Mayor Michael Gonnelli doesn’t remember much of June 8, 2016, and he’d probably like to keep it that way.
“I was making a protein shake, because I make a shake every day before dinner,” he said. “All of a sudden, I felt a little wheezy. My wife ran to me, she called me, and that’s all I remember.”
Gonnelli, as it turns out, had suffered a stroke — one that hospitalized him for around four weeks and very nearly ended his life. Little over a year later, Gonnelli spoke with the Secaucus Reporter at his office to discuss surviving such an ordeal.
At the time the interview began, Gonnelli mentioned that he had already answered 10 calls from residents. A busy, hands-on mayor, it was even that way a few months after his stroke.
“When I went to visit my doctor in July , he wasn’t expecting me to be walking; he was expecting me to be in a wheelchair,” Gonnelli said. “I walked in, I said, ‘Hello.’ He was like, ‘What’s going on here?’ He called the nurses and was like, ‘You gotta look at this guy!’ ”
A stroke is a medical condition in which blood supply to the brain is impeded or severely reduced, causing brain tissue to rapidly lose oxygen. Top causes for a stroke, according to WebMD, include high blood pressure, heart disease, tobacco usage, diabetes, and obesity.
Gonnelli’s wife called an ambulance on the day of his stroke. He was initially taken to Christ Hospital in Jersey City, because it was the nearest stroke center available, before being taken to Hackensack University Medical Center for surgery.
“I had to learn how to walk again, how to talk again, how to feed myself.” – Michael Gonnelli
“The doctors didn’t have very good news for my wife,” Gonnelli said last week. He said doctors said that he would likely never regain his regular functions.
But, he added, “My wife said, ‘If he’s alive, he’s going to make it.’ And I did. I was probaby there for two weeks—they have a stroke center there.”
Shortly afterwards, the mayor went to Kessler Rehabilitation Center in Saddle Brook for a week before coming home.
However, he had to relearn his motor skills from scratch. “My motor skills were non-existent,” he said. “I could talk, but I don’t know what I was saying, honestly. I had to learn how to walk again, how to talk again, how to feed myself. I had to learn everything all over again. I really learned it quick.”
Gonnelli added, “I think I came back to work in late August, part-time.” (Gonnelli’s job is technically part time, but he often works longer hours.) “By October, I was back on my feet. I think I only missed one or two council meetings. I was driving by the end of August.”
During his convalescence, then-Councilman Gary Jeffas took over as the town’s full-time mayor—not a simple task, considering Jeffas also operated his own legal practice in town at the time.
“Gary’s a very intelligent guy,” Gonnelli said of him. “Gary knows what’s going on in the town. Gary’s the person I leaned on and the one that came through for me.”
Gary himself had nothing but kind words regarding the mayor’s comeback. “I think his recovery is nothing short of a miracle,” Jeffas said. “He’s doing great. He’s doing a really great job routing back all his efforts into the town, which I wasn’t really sure he’d be able to do.”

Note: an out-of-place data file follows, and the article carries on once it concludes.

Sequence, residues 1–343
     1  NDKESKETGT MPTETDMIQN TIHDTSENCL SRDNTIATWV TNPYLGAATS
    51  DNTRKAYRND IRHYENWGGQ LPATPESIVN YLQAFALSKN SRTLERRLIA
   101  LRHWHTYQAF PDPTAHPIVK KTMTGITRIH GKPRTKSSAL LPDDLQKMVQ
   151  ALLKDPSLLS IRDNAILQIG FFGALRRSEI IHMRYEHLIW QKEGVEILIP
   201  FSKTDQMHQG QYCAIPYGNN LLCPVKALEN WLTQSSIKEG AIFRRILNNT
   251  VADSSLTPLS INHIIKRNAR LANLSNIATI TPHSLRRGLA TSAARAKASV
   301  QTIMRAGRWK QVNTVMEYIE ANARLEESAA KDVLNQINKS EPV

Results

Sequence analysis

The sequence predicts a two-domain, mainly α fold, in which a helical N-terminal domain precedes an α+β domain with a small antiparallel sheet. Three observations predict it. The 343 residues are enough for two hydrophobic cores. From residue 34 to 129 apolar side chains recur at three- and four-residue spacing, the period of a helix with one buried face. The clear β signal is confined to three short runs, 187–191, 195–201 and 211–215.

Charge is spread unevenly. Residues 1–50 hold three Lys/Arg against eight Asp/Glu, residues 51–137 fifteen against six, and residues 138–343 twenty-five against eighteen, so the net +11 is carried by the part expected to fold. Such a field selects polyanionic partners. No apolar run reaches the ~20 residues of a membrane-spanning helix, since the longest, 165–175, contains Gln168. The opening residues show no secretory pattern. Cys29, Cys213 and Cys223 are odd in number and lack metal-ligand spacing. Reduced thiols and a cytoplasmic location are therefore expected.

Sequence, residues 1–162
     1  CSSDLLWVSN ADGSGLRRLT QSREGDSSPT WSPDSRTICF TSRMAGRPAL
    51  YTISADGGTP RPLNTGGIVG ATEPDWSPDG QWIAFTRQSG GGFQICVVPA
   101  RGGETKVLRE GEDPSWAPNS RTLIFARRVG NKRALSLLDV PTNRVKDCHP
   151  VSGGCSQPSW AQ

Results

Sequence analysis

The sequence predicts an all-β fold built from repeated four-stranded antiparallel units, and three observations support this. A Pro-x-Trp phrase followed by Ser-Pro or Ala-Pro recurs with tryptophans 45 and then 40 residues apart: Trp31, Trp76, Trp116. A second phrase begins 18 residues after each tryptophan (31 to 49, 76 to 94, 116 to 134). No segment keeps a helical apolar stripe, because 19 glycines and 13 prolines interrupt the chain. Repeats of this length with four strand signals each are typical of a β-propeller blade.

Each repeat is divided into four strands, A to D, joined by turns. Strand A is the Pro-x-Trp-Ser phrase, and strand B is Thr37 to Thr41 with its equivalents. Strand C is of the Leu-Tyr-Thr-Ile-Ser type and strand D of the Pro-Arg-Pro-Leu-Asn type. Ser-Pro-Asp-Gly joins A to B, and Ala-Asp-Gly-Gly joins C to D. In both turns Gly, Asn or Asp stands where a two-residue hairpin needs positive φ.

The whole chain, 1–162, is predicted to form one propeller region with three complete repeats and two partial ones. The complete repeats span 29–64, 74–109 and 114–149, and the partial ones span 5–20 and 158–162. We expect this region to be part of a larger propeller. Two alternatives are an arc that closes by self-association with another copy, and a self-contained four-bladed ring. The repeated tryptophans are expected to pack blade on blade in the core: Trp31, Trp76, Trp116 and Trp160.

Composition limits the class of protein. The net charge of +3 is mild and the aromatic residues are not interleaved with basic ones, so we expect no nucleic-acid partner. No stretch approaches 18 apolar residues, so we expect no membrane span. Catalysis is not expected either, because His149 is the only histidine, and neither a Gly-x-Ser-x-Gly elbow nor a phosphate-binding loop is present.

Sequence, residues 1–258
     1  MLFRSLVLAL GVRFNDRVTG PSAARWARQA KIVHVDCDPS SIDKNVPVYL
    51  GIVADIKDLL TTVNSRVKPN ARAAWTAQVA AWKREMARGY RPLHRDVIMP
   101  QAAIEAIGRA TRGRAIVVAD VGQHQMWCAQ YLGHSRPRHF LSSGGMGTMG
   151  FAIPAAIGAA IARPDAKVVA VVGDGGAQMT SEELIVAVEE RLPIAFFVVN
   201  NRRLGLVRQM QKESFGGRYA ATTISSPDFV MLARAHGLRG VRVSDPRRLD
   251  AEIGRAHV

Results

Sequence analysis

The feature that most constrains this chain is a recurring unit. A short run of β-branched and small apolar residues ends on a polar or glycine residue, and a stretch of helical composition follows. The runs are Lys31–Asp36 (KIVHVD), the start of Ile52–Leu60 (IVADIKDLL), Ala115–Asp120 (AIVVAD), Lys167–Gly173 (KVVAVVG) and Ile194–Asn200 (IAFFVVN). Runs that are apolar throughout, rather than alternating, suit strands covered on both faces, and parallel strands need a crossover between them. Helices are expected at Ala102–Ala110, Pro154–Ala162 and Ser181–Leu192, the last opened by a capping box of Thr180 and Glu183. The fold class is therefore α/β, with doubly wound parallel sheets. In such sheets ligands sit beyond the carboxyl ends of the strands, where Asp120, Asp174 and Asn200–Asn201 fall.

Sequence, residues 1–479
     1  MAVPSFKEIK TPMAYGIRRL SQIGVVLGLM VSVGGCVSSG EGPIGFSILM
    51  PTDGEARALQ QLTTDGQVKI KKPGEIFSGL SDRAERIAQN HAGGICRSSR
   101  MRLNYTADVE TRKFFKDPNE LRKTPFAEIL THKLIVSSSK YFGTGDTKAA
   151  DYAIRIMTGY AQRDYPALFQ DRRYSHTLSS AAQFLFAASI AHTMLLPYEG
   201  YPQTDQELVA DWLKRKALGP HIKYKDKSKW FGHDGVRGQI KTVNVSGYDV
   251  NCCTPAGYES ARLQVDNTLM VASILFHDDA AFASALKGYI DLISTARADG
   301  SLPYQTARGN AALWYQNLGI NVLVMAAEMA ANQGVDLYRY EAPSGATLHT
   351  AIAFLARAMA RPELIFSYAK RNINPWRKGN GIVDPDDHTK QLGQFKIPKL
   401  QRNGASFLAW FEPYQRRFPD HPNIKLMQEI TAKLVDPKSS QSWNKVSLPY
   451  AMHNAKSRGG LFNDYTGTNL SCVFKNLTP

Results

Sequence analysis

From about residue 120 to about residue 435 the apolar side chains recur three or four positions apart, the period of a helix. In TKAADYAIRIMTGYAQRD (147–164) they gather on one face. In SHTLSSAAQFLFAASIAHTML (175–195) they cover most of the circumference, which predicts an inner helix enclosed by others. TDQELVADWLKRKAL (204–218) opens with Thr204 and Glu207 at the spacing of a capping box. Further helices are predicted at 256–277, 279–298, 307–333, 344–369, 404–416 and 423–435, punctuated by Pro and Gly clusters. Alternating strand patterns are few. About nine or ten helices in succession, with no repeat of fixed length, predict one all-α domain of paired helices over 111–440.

Speaking about the town’s response, Gonnelli was overwhelmed by the outpouring of support he received. “Everybody was great,” he said.
Residents got little information on the mayor’s condition for the first few weeks.
“My wife was a little hands-off,” Gonnelli explained. “She didn’t want people visiting me. People sent me so much stuff. [Town Attorney Keri Ann Eglentowicz] came to see me a few times. I got so many cards, some which I haven’t even answered yet. I must have gotten 2,000 cards. I have boxes of these. The whole town was behind me.”
North Bergen Mayor Nicholas Sacco and Union City Mayor Brian Stack also reached out to Gonnelli for support, he said.
Today, Gonnelli uses blood thinner Plavix (he previously used Coumadin) to help prevent any blood clots. He hopes to be able to discontinue using it next year.
He said that there are no preexisting conditions he knows of in his family that he believes would have caused his stroke.
He instead points to an accident he sustained during his volunteer firefighter duties a few months before.
“There was a fire at Harmon Cove, and the ceiling came down and hit me exactly where the stroke was, on the side of my face and neck,” he said. “It was a bad fire and we tried to enter the stairway and a piece of the steel beam or wood hit me here. But I don’t know if that caused it. It could’ve been anything.”
Technically, he said, the stroke was caused by a severed carotid artery on the same side of his neck he was hit on. Doctors failed to save it, and today, only his right side carotid artery pumps blood to his brain. But even with that, he continues his firefighter duties.
In a message directly to Secaucus residents, Gonnelli said, “I can’t thank them enough. Everything they did to make my transition work—it worked. It was just fabulous. And I hate to say it, but the prayers that everybody said for me are the reason I’m still here.”
Hannington Dia can be reached at firstname.lastname@example.org